Larry Michealsen talks about TBL
In January of 1979, Larry Michaelsen was a junior faculty member teaching an Organizational Behavior course at the University of Oklahoma. Budget cuts had tripled his class size from 40 to 120 students. He had been advised by senior colleagues to give up on his case-based, Socratic dialogue approach and switch to lecturing . But he was unwilling to let go of working with cases and facilitating deep disciplinary problem-solving discussions. He felt strongly that these discussions really were at the heart of deep and enduring learning. He had an idea. He tried something different. He called it Team-Based Learning. It was an invention that preserved what he so valued in his teaching: engagement, decision-making, deep discussions, and feedback. His method actually made positive use of the larger class size to improve the quality of the discourse.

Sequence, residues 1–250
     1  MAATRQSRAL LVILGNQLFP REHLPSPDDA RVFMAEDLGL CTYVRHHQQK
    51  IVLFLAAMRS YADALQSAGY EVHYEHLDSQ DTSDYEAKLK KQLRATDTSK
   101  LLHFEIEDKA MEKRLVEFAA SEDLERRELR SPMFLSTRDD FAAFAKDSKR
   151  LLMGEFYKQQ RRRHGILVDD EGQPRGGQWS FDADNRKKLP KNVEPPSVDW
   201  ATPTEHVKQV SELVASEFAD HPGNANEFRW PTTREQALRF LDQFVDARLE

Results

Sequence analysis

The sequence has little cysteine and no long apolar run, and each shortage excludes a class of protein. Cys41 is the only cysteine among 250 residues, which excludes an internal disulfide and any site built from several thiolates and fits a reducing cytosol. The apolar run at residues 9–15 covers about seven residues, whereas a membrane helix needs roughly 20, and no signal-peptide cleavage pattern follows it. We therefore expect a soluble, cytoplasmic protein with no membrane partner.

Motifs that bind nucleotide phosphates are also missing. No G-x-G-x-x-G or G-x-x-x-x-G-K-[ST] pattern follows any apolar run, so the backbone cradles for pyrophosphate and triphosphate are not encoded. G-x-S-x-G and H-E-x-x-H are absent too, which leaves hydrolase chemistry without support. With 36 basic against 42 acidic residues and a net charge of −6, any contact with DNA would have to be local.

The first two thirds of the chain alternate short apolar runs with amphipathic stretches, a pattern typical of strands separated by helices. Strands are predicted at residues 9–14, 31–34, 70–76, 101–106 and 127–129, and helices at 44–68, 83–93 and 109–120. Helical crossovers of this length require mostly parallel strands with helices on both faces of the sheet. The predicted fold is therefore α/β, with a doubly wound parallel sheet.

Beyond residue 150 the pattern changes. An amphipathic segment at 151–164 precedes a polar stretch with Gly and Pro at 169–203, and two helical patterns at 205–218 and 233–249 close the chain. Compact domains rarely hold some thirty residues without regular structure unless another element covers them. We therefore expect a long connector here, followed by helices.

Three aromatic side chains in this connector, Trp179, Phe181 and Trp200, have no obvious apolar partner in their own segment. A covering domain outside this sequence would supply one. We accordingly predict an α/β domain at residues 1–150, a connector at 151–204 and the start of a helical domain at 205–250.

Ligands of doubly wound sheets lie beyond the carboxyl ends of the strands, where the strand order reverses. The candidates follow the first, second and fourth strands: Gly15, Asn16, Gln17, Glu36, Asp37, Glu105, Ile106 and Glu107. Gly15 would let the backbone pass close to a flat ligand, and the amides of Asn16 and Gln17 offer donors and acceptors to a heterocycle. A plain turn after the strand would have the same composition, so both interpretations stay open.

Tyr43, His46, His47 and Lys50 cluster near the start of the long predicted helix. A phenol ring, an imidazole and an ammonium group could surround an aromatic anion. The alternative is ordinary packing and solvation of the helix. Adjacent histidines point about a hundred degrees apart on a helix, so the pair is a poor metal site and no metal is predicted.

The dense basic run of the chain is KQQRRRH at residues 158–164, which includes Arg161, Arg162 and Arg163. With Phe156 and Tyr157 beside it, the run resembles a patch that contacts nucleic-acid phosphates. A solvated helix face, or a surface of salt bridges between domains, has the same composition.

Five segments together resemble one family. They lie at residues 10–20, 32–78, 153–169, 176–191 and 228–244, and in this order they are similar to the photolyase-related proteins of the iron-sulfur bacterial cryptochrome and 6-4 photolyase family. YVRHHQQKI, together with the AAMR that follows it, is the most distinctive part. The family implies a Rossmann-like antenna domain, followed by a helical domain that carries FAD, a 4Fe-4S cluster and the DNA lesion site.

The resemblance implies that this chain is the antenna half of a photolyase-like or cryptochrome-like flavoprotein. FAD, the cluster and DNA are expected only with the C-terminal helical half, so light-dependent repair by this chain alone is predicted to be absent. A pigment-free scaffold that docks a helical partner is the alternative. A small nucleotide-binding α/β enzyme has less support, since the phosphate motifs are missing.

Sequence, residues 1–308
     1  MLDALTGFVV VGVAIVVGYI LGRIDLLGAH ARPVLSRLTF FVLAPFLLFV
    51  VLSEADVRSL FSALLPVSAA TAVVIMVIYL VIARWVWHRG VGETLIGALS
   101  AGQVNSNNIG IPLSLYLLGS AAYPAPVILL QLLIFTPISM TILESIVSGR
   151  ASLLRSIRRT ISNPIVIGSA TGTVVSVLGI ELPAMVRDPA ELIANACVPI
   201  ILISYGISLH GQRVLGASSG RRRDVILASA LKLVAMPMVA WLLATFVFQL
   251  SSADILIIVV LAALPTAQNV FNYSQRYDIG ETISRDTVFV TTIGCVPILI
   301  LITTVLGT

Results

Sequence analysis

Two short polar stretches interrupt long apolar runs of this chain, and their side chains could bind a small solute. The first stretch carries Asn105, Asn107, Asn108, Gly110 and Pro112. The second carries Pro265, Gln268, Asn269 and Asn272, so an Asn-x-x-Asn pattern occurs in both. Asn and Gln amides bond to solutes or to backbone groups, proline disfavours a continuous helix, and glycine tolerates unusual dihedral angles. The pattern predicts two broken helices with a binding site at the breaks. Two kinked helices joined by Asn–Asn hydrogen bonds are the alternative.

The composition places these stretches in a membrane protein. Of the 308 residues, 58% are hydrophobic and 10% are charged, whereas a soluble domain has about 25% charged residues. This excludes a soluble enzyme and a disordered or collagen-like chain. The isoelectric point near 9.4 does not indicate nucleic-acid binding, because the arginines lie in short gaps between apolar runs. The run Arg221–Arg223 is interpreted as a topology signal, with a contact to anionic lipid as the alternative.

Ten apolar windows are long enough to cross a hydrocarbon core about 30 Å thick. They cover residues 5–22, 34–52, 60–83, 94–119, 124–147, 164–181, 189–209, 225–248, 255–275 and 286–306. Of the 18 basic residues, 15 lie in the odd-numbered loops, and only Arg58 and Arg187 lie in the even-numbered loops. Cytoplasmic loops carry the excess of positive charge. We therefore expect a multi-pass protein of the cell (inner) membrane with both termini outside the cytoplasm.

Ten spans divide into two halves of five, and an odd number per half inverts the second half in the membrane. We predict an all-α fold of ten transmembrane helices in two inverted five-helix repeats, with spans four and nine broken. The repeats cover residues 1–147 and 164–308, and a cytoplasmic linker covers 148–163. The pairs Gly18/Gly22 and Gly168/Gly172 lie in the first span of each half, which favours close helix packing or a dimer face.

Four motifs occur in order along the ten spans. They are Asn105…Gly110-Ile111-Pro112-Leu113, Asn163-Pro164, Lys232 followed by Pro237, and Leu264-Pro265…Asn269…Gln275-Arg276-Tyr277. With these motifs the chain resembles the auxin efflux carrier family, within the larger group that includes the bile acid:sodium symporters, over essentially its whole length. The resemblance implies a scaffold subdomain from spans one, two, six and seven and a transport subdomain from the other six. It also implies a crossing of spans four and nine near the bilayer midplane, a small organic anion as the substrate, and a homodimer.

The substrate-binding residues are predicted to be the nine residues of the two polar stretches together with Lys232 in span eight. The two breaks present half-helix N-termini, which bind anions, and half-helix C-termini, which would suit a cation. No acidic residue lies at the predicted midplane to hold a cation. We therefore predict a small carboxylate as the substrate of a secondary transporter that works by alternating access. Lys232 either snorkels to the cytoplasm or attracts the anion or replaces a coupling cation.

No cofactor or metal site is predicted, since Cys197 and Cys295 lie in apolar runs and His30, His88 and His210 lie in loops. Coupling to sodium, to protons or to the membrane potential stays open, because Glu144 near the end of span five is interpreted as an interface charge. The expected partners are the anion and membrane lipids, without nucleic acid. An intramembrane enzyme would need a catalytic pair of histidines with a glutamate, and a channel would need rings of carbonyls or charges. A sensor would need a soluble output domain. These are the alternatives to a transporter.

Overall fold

He realized he needed to overcome two challenges. First, how could he engage large classes in effective problem-solving when the teacher is a scarce resource and class size encourages anonymity rather than accountability? Second, how could he induce his students to come to class prepared? Right from the start, he developed something very close to the structure that Team-Based Learning classrooms still use today.